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Finnish Diabetes Vaccine Trials To Start In 2018

Finnish diabetes vaccine trials to start in 2018

Finnish diabetes vaccine trials to start in 2018

A vaccine for type 1 diabetes developed by Finnish researchers will be tested on mainly Finnish human subjects in late 2018, researchers announced on Tuesday.
The scientists first found that the prototype works effectively and safely on mice, and now say
that the vaccine could be in mainstream use within eight years if the coming rounds of tests prove successful.
The vaccine will first be given to a group of 30 healthy men during the first phase of the clinical trials, followed by a group of some 150 children if all goes well. After two successful rounds the vaccine can be considered safe and effective against viruses. The final round of vaccinations, intended for a group of some 4,000 children, should tell researchers whether the vaccine specifically prevents type 1 diabetes.
Virus likely culprit
A virus may be behind a significant proportion of type 1 diabetes cases, which are especially common among children. Professor Heikki Hyöty from the University of Tampere and Professor Mikael Knip of the University of Helsinki have worked on the pathology of diabetes from more than 20 years, and say they are confident that an enterovirus that attacks the pancreas to destroy insulin-producing cells is the root cause of type 1 diabetes.
If the vaccine proves effective in humans, it could do much to minimise suffering as well as expenses.
"It is estimated that the additional cost of care for one child with diabetes over their lifetime is about a million euros," Knip says. "This vaccine could prevent at least half of new cases, which amounts to some 250 million euros in annual saving Continue reading

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Charity says diabetes patients in NI denied equipment

Charity says diabetes patients in NI denied equipment

Diabetes patients in Northern Ireland are being denied access to essential equipment which would help control their condition.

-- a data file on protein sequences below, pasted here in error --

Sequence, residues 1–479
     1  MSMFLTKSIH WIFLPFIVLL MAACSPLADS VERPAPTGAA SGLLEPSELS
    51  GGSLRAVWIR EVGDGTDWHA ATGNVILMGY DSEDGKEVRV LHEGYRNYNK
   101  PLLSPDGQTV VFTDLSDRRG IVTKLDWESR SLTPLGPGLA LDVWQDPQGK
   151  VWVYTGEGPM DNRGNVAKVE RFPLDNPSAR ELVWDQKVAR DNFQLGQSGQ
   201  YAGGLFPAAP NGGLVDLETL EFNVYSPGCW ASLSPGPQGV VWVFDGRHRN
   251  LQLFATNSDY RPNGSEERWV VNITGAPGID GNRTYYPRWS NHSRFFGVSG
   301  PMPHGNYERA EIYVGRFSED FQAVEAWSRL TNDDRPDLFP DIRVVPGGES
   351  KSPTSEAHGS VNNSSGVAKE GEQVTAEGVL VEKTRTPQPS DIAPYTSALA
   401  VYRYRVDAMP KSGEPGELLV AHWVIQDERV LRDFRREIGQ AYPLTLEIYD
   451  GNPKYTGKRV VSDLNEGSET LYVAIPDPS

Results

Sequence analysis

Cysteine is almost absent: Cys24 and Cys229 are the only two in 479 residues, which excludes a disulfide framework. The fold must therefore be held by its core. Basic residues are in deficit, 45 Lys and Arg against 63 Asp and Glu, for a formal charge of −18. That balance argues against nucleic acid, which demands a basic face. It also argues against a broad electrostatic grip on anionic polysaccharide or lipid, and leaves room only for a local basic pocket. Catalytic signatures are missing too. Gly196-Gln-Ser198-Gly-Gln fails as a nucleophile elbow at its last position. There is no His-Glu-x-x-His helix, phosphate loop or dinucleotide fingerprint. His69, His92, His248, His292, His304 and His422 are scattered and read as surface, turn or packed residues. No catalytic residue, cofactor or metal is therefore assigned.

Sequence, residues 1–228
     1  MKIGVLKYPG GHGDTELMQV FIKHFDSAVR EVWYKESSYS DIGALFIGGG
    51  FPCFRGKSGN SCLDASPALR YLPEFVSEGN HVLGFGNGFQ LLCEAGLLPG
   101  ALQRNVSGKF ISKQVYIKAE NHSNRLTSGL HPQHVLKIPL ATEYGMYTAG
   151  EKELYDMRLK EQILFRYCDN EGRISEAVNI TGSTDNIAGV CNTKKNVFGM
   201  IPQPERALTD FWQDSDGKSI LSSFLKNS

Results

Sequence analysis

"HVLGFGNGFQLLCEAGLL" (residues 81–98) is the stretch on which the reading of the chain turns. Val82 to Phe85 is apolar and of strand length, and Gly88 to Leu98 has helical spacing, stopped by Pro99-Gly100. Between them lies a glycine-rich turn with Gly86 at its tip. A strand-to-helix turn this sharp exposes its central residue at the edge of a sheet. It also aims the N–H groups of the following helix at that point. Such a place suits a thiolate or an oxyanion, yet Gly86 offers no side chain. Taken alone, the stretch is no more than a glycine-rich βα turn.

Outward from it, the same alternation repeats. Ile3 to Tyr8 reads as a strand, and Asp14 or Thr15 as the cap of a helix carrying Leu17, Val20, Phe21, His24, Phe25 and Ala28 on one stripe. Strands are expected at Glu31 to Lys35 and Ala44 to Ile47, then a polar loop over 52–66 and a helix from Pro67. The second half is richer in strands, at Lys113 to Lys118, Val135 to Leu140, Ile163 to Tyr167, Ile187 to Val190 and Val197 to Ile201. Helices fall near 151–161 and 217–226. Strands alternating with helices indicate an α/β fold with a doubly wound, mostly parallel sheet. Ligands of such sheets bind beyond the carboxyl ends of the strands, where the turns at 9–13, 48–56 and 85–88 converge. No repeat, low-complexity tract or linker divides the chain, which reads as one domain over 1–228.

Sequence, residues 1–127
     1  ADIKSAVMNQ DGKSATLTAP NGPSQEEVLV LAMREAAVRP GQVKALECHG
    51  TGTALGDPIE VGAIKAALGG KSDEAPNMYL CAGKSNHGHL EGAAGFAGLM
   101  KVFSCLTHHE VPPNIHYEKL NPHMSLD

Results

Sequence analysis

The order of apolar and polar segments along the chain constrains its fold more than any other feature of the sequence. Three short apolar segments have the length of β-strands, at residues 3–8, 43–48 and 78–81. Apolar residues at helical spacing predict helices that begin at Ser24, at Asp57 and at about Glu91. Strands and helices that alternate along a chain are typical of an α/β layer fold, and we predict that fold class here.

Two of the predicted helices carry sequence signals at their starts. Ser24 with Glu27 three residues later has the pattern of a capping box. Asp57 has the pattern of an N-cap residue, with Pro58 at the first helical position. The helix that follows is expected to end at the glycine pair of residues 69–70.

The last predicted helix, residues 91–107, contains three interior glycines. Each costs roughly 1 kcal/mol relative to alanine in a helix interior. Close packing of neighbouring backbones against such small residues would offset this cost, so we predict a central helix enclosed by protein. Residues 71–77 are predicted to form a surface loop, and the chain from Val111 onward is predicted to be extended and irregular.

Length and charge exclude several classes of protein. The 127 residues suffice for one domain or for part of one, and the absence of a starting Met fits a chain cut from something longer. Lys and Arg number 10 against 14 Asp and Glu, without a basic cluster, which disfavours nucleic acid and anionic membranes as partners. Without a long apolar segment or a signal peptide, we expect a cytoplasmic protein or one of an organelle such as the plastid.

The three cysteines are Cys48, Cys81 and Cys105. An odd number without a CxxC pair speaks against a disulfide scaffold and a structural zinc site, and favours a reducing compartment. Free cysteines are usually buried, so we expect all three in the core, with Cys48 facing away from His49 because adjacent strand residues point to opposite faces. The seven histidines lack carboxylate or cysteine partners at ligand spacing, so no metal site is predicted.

Three years ago, the department of health bought more than 1,000 insulin pumps costing over £2m.
However, according to the local director for Diabetes UK, more than half of the pumps remain in "hospital cupboards".
Iain Foster said it was a "public scandal" and a waste of money.
"This has happened because individual health trusts have not created modern diabetes services which would ensure these pumps are issued to the people who would benefit from them," he said.
"This is evidence of how disjointed our health service is."
A diabetes specialist nurse said providing the automatic pumps was in line with national health care guidance.
At a recent seminar in Belfast, Sally Friffina said there was a need for the NHS to make more of this therapy option for adults in Northern Ireland.
"Proper care and modern treatment and technology can and does make a real difference to adults with Type 1 diabetes. The NHS and the government need to work towards making the treatment and technology available to all those Type 1 patients in line with the health care guidance. "
More than 80,000 people in Northern Ireland live with the illness.
In a statement to the BBC, the Department of Health spokesperson said : "NICE Technology Appraisal No 151 about the provision of insulin pumps, endorsed by DHSSPS in June 2009, applies to all HSC Trusts and significant progress has been made to implement it.
"Trusts now provide insulin pumps to about 611 adults and children, but due Continue reading

Type 1 Diabetes in Children: Signs, Symptoms, Causes and Treatment

Type 1 Diabetes in Children: Signs, Symptoms, Causes and Treatment

Type 1 diabetes (T1D) in children is a serious medical condition, where a child’s body fails to produce the hormone insulin. Insulin is a naturally occurring hormone that is produced in the pancreas, which helps the body process glucose and sugar. Glucose is a form of sugar, which is one of the biggest sources of fuel for the body. Without insulin, glucose cannot enter the cells for energy, which then leads to a build up of glucose in the blood. Too much glucose in the bloodstream is dangerous and could lead to life threatening conditions. Kids with T1D need to take insulin injections so that they can survive. When your child is first diagnosed with T1D, it can be frightening. Unlike other medical conditions, T1D has no cure as of yet. However, the good news is that there is treatment for T1D. Your child does not have to suffer throughout their life. If they adopt a healthy lifestyle, monitor their blood sugar regularly and take insulin injections as recommended by their doctor, they will live a healthy and happy life.